At what point does collecting recipes cross from a passion or hobby to an obsession? I have drawers overflowing with recipe clippings, hand-written recipes stashed everywhere, and copies of old food magazines taking over my cupboards and yet I still collect. Not a week goes by without at least one recipe being saved from Epicure, Good Weekend or the Sunday Life magazine (or all three!) Then there's a new edition each month of Gourmet Traveller, Delicious and Donna Hay magazine to drool over. The Internet means I can collect recipes from The Times and Guardian websites in the UK and I recently discovered the excellent Cuisine magazine from New Zealand, which has a wonderful online archive.
I've tried all sorts of systems over the years to try and keep my recipes in order and easily accessible: pasting into a scrapbook, filing into plastic pockets in a folder, and sorting into filing folders according to food type. I commandeered two drawers in our large filing cabinet and embarked on filing in earnest but quickly grew tired of the project and dumped the lot, mostly unfiled, into one drawer. Currently I'm stashing away recipes in a large filing box from Ikea with no filing system whatsoever.
I'm not alone in this passion to collect recipes. Ivonne from Cream Puffs in Venice blogged about how she was always collecting recipes to make in the future. The crunch point came when she discovered a large stack of food magazines and recipes that she'd stored in her cupboard a year earlier and forgotten about.
"Why do I keep all these magazines? And why do I have all these loose bits of paper with recipes printed on them flying around my house? What is this all about?" Ivonne asked. "As I sifted through the endless pile, I kept thinking to myself that I couldn’t possibly throw this recipe out or recycle that magazine. This is the 2002 issue of so-and-so that has that perfect recipe for watchamacallit that when I finally get around to making it will be the best thing ever."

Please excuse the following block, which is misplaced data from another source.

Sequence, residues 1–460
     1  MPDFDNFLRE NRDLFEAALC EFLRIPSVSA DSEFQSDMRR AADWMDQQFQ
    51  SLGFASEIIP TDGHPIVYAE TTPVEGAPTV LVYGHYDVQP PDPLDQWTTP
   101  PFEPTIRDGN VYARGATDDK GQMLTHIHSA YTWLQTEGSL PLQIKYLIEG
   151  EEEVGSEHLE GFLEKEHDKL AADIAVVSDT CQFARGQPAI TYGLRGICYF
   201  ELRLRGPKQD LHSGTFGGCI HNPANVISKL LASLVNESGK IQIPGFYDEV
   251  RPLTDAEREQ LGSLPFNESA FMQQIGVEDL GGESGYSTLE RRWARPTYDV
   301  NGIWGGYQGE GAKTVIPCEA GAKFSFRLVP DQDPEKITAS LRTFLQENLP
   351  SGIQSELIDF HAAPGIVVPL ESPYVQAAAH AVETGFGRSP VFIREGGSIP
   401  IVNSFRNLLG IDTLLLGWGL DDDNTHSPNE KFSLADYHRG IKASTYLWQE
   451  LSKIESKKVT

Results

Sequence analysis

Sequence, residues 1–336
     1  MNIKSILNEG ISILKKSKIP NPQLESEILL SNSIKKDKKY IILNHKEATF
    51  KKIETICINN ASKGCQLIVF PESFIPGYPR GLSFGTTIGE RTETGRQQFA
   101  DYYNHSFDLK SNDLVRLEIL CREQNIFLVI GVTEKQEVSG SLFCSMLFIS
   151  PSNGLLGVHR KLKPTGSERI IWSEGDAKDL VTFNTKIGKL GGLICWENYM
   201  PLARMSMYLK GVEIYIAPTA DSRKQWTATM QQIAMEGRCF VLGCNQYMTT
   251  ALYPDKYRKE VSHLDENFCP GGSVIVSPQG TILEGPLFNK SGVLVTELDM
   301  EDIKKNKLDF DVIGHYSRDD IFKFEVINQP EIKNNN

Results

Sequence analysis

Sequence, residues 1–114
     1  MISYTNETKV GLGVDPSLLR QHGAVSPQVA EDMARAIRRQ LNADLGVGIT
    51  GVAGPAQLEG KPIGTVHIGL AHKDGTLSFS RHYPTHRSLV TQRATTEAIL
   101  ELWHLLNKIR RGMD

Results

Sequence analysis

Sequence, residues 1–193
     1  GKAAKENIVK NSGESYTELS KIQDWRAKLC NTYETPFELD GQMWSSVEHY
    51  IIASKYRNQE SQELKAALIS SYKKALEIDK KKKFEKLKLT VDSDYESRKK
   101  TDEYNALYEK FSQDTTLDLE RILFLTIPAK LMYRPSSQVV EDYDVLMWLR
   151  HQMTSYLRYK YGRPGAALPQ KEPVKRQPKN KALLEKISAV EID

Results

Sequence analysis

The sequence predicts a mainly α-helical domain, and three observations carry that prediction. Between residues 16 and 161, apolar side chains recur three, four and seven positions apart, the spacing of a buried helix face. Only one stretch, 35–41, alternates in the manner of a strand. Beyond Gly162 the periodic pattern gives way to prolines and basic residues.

Ivonne is a far braver woman than me because, confronted with this massive pile of clippings, she did something I can't bring myself to do: she dumped the lot. She farewelled years of recipes without a backward glance and did not regret it.
While I agree with Ivonne's sentiments, I can't bring myself to throw out recipes. I always hope that I'll get around to making them, even though I know that I could spend the rest of my life doing nothing but cooking and still not make them all. I have managed to stop myself collecting some types of recipes - after all, how many lemon delicious, lemon tart and chocolate mousse recipes can you have? Looking at the several versions I have, I see that all use the same ingredients but only the proportions differ. (The same can also be said of chocolate cake but that is one recipe I can never stop myself from collecting, no matter how many I have!)
Ivonne concluded: "It finally occurred to me that the best chocolate cake I will ever make is the one that I actually make. The imagination is delicious, but reality is even more so. It occurred to me that it was time to squelch the insecure little baker in me that keeps telling me I can bake a better this or a better that and just get down to the act of baking."
It's not an insecure baker that keeps me collecting recipes - it's an addict who wants to keep trying new and different dishes and flavours. I'm not on a quest for better recipes; I just like to experiment. I have a treasured collection of family favourites that I make frequently and these are supplemented with new recipes that I collect. How else would my repertoire expand?
But Ivonne is right - we just need to bake. She has come up with the concept of "Magazine Mondays", where each week she makes a conscious effort to get in the kitchen and actually cook all the recipes she's bookmarked. It's a great idea and I might try and do something similar myself. In the meantime, here is a family favourite recipe that is regularly made: my sister's easy melt and mix chocolate cake that she makes every year for family birthdays. It is a never-fail cake and always disappears quickly.
FELICITY'S EASY MELT AND MIX CHOCOLATE CAKE
1 1/2 cups SR flour
1 cup caster sugar
2 tablespoons cocoa
1/4 cup boiling water
1 teaspoon vanilla extract
1/2 cup milk
Mix cocoa and boiling water together.
Sift flour into a bowl and add sugar. Melt butter and mix in, along with egg, vanilla extract and milk. Lastly mix in cocoa mixture.
Bake at 180 degrees for 30-35 minutes.
Ice with chocolate icing or vienna cream.
To make vienna cream, beat 125g butter in an electric mixer until as white as possible. Sift together 1 1/2 cups icing sugar with 2 tablespoons cocoa. Gradually add half this mixture. Beating constantly, add 2 tablespoons milk gradually, then beat in remaining icing sugar mixture. Vienna cream should be smooth and easy to spread.